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Children's Vaccines Health Center

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New Children's Vaccine Means Fewer Shots

One Vaccine Protects Against 5 Infections, Reduces Number of Injections a Child Receives Before Age 2
WebMD Health News
Reviewed by Louise Chang, MD

June 24, 2008 -- A new five-in-one vaccine means fewer shots are needed to protect babies and toddlers from potentially dangerous infections.

The FDA has approved Pentacel, the first combination vaccine to protect children against diphtheria, tetanus, pertussis (whooping cough), polio, and Haemophilus influenzae type b (Hib) infections. Hib infections include meningitis and pneumonia.

"The FDA approval of Pentacel is great news for parents and pediatricians who want to reduce the stress of well-baby visits," Tina Q. Tan, MD, an infectious disease specialist at Children's Memorial Hospital in Chicago, says in a statement.

The vaccine is approved for use in infants and children aged 6 weeks through 4 years. It is not for use in children over age 5. Pentacel is given in four doses, once at ages 2, 4, 6, and 15-18 months.

According to the CDC, children under 18 months who follow the recommended childhood immunization schedule and receive single-entity vaccines would typically need up to 23 shots. The new combination vaccine could reduce that number by seven.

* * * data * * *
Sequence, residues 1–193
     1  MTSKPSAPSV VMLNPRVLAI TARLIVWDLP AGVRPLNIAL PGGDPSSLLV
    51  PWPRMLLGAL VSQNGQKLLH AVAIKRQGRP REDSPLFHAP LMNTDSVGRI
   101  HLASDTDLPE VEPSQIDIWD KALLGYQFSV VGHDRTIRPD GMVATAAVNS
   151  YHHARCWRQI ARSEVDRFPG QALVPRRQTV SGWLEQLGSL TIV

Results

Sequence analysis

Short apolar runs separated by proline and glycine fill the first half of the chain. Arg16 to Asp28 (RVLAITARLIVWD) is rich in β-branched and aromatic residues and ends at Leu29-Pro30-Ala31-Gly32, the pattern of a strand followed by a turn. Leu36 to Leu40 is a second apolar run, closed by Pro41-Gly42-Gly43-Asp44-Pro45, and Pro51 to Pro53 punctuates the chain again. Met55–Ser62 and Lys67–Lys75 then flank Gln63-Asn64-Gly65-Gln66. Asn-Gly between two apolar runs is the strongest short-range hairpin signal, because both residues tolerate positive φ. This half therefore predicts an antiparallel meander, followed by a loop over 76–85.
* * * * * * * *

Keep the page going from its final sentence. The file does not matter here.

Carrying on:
"Pentacel vaccine will help simplify the immunization schedule by reducing the number of injections infants and young children will receive in their first 2 years of life," Wayne Pisano, president and chief executive officer of Sanofi Pasteur, the drug manufacturer, says in a news release.

Pentacel's approval came after results of a study involving more than 5,000 children in the U.S. and Canada showed that the vaccine was safe and effective. The study compared Pentacel to several vaccines, some of which guard against one disease (such as the polio vaccine) and others that prevent more than one disease (such as the diphtheria-tetanus-pertussis vaccine).

The most common side effects were redness at the injection site, swelling, tenderness, and fever. Some people may be allergic to parts of the Pentacel vaccine. Persons who have had reactions to the tetanus or pertussis-containing vaccine may not be able to receive Pentacel.

(How do you feel about this new immunization combo? Come to WebMD's Parents: 1-Year-Olds message board and talk it out.)

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